Jay O’Keeffe (@jayokeeffe) is an appellate and business litigation lawyer in Roanoke, Virginia and publishes articles for “DeNovo: A Virginia Appellate Law Blog.” O’Keeffe, named one of Virginia’s “Rising Stars” from 2008-13, keeps the twitter-world informed about the latest posts on the blog as well as current news in politics and cycling.

Jim Guy (@VirginiaBarPrez) is the 128th President of the Virginia Bar Association. Follow Guy for interesting news concerning Virginia law, interesting cases, and a more personal perspective of the events sponsored by the Virginia Bar Association.

October 25, 2016 | Permalink | Comments (0)

Monday, October 24, 2016

Predicting the Big Court

Let's face it--lawyers are competitive.  We love to win our cases, our office fantasy football league, and the interoffice softball games.  In 2009, Professor Josh Blackman from South Texas College of Law (now Houston College of Law) took lawyer competition to a new level with the creation of FantasySCOTUS.  

FantasySCOTUS is "the leading Supreme Court Fantasy League. Thousands of attorneys, law students, and other avid Supreme Court followers make predictions about cases before the Supreme Court. Participation is free and Supreme Court geeks can win cash prizes up to $10,000."

Participants can create their own leagues to play against friends and colleagues.  I usually create a league for my constitutional law classes and offer a little extra credit to my students who participate.  FantasySCOTUS keeps them interested and engaged in the current Supreme Court term.

In addition to allowing people to predict the outcome of Supreme Court cases, FantasySCOTUS features {Marshall}+, "a revolutionary algorithm that can accurately predict Supreme Court cases."  {Marshall}+ was created by LexPredict, which now runs FantasySCOTUS.  According to the FantasySCOTUS website, "{Marshall}+ was able to predict every case decided since 1953 at 70% accuracy."

So, forget the softball league and start thinking about FantasySCOTUS this year!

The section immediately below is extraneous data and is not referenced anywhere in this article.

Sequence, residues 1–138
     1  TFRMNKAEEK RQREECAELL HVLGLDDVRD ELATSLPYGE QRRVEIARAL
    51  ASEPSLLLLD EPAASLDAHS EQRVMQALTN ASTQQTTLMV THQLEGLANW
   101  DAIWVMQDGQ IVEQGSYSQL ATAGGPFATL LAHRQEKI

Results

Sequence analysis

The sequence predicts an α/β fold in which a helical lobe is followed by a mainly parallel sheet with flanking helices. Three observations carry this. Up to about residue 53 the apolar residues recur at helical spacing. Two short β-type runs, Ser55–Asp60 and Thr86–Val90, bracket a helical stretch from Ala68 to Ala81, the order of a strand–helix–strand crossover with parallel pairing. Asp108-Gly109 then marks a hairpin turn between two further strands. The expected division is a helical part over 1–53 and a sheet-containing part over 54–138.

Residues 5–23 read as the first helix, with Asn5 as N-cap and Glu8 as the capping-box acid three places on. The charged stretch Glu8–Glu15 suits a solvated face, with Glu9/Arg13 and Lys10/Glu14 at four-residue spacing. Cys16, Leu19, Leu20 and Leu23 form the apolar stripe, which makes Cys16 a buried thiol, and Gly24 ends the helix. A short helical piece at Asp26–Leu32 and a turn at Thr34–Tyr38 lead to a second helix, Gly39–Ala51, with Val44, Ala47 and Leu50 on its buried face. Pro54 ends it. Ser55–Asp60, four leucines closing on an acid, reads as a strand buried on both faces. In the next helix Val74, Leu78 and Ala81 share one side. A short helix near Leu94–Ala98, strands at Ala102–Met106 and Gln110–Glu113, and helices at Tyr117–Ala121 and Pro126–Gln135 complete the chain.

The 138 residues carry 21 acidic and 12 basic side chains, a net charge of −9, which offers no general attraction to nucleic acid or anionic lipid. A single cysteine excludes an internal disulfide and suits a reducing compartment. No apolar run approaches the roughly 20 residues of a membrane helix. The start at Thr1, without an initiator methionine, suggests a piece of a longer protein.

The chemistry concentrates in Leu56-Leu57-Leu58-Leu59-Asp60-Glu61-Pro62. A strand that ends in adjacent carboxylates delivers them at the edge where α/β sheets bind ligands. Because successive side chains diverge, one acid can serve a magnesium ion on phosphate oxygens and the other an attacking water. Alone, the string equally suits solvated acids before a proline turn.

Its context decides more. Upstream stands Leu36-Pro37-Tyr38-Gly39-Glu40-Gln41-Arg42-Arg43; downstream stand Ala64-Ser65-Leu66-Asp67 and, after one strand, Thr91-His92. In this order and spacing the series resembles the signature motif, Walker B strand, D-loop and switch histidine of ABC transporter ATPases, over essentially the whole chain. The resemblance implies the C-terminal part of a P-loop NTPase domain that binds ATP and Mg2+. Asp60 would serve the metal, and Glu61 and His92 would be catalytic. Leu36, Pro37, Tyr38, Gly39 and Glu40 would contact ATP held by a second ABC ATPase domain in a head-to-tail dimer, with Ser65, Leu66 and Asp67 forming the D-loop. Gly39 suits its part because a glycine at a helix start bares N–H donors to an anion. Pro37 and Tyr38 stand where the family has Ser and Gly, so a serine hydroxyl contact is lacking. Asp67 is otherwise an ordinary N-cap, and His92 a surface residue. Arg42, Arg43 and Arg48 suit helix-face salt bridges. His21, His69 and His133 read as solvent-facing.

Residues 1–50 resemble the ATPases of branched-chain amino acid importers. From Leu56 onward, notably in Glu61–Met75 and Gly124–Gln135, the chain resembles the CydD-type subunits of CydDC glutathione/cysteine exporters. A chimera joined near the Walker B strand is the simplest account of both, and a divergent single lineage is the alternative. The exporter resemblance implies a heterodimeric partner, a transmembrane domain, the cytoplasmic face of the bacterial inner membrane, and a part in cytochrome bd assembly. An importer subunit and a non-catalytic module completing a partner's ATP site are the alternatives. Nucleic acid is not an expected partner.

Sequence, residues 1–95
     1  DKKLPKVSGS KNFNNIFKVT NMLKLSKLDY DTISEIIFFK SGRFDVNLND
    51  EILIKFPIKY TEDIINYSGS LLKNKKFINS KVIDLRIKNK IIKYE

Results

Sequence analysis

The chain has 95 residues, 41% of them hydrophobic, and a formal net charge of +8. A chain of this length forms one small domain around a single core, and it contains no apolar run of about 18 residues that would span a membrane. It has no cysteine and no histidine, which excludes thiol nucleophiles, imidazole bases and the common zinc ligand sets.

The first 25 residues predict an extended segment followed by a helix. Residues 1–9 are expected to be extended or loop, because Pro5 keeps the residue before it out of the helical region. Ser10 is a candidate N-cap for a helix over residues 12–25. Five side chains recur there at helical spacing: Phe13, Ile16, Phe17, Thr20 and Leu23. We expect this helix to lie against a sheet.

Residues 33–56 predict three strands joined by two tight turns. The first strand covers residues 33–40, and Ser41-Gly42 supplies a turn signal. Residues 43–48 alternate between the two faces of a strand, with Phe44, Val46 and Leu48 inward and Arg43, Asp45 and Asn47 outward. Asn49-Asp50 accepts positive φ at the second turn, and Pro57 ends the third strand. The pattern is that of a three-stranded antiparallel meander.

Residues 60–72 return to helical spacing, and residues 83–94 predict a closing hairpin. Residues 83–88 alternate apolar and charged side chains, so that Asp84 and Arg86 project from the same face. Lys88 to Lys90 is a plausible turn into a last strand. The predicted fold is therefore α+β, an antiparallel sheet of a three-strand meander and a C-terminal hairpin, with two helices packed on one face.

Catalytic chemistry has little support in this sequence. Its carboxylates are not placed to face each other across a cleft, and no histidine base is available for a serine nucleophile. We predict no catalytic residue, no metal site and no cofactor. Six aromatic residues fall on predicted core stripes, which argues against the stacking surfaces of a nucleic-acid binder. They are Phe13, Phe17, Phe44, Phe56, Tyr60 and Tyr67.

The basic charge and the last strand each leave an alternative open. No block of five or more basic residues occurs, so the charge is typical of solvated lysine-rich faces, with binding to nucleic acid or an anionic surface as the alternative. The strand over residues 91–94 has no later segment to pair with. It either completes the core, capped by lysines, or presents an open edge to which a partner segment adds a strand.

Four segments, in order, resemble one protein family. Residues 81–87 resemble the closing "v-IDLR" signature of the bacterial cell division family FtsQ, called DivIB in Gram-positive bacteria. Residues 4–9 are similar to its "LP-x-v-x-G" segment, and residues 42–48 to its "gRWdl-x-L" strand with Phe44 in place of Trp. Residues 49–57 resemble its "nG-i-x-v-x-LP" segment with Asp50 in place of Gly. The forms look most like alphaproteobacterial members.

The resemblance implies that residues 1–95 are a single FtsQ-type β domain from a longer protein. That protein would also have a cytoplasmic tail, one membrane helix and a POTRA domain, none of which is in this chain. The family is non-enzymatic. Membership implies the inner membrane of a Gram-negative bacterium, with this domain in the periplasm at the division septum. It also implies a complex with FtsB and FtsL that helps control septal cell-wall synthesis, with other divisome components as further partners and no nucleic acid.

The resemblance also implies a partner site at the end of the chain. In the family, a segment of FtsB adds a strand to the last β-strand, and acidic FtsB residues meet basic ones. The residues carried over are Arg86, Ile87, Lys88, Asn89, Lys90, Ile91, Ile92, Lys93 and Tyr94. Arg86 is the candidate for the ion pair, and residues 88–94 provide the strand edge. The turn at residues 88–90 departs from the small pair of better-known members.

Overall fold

October 24, 2016 | Permalink | Comments (0)

Friday, October 21, 2016

Appellate Advocacy Blog Weekly Roundup


Here are a handful of tidbits on appellate practice from around the web this past week.  As always, if you see something during the week that you think we should be sure to include, feel free to send Dan a quick email at[email protected] or a message on Twitter (@Daniel_L_Real).

Presidential Debate:  SCOTUS as a Topic

The third and final debate between Hillary Clinton and Donald Trump was this week, hosted by Chris Wallace.  And SCOTUS was a topic. ran a story early in the week, in which it reported on the results of efforts by reporters to reach out to Supreme Court practitioners and other lawyers about what the candidates should be asked about SCOTUS.  The ARTICLE highlighted some of the responses. followed up after the debate with a review of how the topic was actually handled.  Although SCOTUS was scheduled as one of six, 15-minute topics for the debate, moderator Chris Wallace struggled to get the candidates to provide much in-depth discussion about where the Court might go in the next several years and how they viewed the Constitution.   Clinton emphasized that she hopes to see the Court "not reverse marriage equality, not reverse Roe v. Wade, and . . . stand up against Citizens United." Clinton also urged Congress to go forward with the process of considering Merrick Garland's nomination to the Court. Trump's vision for the Court included observations that "[t]he justices [he's] going to appoint will be pro-life, they will have a conservative bent, they will be protecting the Second Amendment . . . [and] will interpret the Constitution the way the Founders wanted it."

More on the intersection of the election and SCOTUS and the future of the Court can be found in this week's Thursday Round-Up at SCOTUSblog.

Follow-Up on Donald Trump vs. The New York Times

Last week's Weekly Roundup included the "disagreement" between Donald Trump and the NYT concerning the Times article about women accusing Trump of inappropriate behavior.  The letters exchanged between Trump's lawyer and the Times' lawyer went viral